You will first see two different pools based on the motifs of Kamo River and Yura River. A Japanese giant salamander appears from the shadows of moss-covered rocks. Char and landlocked masu salmon swim gracefully, unperturbed by the roaring waterfall nearby. Enjoy this mystical hidden natural sanctuary to your heart’s content.
One of Japan’s largest Japanese giant salamander exhibits
The Japanese giant salamander is designated as a special natural treasure of Japan and has been called “a living fossil” and “one of the world’s largest amphibians.” Much is still unknown about the behavior of this rare species. KYOTO AQUARIUM’s Japanese giant salamander exhibit puts the spotlight on this species native to Kyoto’s river ecosystems. It is one of Japan’s largest exhibits of its kind.
Recreating a mystical habitat formed by the three water sources of the Kamo River’s upstream ecosystem
In a pristine natural environment untouched by human activity, where snowmelt from the mountains is slowly filtered in the ground, a Japanese giant salamander and a school of dwarf rill trout live quietly. To realistically capture such a scene from Kamo River’s upstream ecosystem, we recreated the three sources of water found in this habitat: Iwashimizu, or water that seeps through cracks in rocks; Yusui, or water that wells up from the sandy river bottom, and Shizuku, or water flowing through breaks in the surrounding moss.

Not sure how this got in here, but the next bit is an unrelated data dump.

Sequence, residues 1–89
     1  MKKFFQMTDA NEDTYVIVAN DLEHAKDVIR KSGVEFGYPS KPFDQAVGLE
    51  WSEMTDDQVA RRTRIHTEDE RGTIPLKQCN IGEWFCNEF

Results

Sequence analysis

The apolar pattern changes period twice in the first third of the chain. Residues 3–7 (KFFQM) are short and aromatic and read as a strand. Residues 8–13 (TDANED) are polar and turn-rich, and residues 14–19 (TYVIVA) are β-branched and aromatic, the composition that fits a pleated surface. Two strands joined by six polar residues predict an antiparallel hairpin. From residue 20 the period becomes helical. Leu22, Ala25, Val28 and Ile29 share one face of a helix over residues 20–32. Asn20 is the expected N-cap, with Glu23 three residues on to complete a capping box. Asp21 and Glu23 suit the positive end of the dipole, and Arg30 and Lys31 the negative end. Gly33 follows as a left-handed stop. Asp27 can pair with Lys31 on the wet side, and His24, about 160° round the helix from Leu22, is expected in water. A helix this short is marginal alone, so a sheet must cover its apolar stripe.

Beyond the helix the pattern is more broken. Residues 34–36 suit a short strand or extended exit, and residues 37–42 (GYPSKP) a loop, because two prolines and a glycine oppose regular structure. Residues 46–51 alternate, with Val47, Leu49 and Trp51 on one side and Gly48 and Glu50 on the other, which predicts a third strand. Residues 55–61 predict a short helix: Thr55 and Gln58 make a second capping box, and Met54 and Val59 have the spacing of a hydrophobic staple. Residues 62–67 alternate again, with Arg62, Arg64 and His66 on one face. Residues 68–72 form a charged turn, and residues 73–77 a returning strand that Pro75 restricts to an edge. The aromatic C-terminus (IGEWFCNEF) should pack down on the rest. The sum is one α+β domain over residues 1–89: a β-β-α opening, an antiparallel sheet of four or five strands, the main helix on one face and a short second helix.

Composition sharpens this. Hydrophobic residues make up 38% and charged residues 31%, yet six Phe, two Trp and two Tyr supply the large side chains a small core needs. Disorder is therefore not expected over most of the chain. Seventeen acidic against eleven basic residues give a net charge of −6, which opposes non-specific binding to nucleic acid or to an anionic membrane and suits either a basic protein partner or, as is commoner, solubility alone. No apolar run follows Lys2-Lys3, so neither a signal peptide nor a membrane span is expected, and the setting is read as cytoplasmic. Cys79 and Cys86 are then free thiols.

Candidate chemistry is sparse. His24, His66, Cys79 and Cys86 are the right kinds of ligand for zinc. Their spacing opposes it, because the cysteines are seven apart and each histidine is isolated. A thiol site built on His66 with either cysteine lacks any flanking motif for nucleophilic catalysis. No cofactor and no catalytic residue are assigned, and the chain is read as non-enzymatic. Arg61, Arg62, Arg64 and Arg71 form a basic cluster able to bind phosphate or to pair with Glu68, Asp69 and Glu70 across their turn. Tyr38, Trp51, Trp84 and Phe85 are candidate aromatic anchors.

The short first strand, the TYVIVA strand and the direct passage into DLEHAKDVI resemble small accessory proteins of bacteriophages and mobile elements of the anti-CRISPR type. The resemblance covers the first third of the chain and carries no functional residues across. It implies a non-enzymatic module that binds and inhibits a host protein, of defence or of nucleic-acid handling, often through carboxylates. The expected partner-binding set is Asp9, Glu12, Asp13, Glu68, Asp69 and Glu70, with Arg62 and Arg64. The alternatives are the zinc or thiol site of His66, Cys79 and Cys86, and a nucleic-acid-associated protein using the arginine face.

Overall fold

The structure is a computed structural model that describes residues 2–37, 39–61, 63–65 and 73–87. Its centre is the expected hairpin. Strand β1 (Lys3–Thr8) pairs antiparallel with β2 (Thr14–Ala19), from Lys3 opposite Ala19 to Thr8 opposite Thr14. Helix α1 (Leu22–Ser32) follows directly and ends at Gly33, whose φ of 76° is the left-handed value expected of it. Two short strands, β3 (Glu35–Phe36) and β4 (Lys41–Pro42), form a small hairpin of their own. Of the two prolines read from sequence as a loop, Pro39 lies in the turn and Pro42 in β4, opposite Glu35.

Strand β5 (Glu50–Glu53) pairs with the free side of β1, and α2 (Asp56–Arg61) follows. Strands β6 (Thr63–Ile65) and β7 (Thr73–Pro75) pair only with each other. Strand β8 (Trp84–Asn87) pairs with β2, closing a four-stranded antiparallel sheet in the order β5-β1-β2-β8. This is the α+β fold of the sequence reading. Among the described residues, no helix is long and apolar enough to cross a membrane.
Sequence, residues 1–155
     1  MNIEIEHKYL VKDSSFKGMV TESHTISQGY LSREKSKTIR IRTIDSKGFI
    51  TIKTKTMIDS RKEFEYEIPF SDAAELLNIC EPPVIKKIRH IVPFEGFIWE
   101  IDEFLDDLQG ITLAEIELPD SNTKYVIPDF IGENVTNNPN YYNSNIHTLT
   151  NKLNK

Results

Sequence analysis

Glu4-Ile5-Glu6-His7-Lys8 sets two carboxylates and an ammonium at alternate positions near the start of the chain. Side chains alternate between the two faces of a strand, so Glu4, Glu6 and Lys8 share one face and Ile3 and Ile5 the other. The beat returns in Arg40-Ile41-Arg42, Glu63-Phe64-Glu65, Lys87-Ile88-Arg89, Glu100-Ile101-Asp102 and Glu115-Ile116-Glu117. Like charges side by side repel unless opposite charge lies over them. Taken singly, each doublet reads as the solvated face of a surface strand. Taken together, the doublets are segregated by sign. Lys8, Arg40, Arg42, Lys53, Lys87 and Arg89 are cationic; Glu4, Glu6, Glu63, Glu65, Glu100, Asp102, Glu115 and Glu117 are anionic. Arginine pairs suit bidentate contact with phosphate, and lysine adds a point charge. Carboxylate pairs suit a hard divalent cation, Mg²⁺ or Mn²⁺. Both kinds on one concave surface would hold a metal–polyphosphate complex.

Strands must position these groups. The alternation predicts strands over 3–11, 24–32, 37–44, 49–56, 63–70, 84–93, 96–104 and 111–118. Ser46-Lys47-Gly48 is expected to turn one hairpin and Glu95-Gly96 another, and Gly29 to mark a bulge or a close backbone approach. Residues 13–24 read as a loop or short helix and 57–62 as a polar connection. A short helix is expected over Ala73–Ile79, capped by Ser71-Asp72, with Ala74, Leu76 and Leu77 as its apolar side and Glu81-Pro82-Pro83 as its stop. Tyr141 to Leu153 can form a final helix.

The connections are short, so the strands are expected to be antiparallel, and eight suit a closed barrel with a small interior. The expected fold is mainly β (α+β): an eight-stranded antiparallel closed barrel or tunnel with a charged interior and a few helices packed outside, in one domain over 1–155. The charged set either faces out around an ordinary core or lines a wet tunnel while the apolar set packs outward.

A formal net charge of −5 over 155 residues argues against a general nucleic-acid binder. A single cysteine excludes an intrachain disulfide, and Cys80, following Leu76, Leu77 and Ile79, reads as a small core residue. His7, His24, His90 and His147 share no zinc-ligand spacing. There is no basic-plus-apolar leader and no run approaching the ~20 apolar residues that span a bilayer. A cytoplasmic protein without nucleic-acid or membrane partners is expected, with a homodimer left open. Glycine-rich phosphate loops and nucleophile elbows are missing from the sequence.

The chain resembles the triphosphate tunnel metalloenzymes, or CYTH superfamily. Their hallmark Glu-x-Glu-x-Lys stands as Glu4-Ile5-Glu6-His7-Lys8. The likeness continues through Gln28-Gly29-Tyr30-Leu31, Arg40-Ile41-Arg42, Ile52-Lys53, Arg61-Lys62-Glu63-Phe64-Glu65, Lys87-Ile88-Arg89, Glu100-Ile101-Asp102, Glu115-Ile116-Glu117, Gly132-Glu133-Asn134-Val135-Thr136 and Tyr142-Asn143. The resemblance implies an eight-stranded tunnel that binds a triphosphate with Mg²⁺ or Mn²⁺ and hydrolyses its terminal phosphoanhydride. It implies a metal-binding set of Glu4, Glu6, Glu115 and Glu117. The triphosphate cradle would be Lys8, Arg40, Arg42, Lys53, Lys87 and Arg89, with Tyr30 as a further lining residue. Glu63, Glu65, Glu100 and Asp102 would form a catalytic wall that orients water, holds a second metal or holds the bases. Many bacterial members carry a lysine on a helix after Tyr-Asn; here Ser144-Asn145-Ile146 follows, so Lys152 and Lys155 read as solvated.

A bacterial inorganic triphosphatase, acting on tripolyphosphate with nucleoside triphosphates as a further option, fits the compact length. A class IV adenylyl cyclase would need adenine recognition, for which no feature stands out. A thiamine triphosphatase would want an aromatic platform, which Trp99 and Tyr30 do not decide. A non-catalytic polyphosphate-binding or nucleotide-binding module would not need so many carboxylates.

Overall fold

All of Yura River’s upstream, midstream and downstream ecosystems, in a single pool!
The Yura River’s upstream, midstream and downstream ecosystems are expressed in a single pool. Swimming gracefully in the pool are char and landlocked masu salmon, representing the upstream; the Japanese minnow and Zunaga-nigoi, representing the midstream; and carp and Japanese silver crucian carp representing the downstream. Visitors can enjoy Yura River’s many and varied aquatic life along with the changes of the four seasons.
KYOTO AQUARIUM is proud of how it has developed an exhibit based on the behavior of the Japanese giant salamander. If you are lucky, you may see the Japanese giant salamander dash at tremendous speed to catch small fish. It has shoe-button eyes, small hands like a frog, and a slow and measured way of rising from the water to breathe. All these features make the Japanese giant salamander very endearing.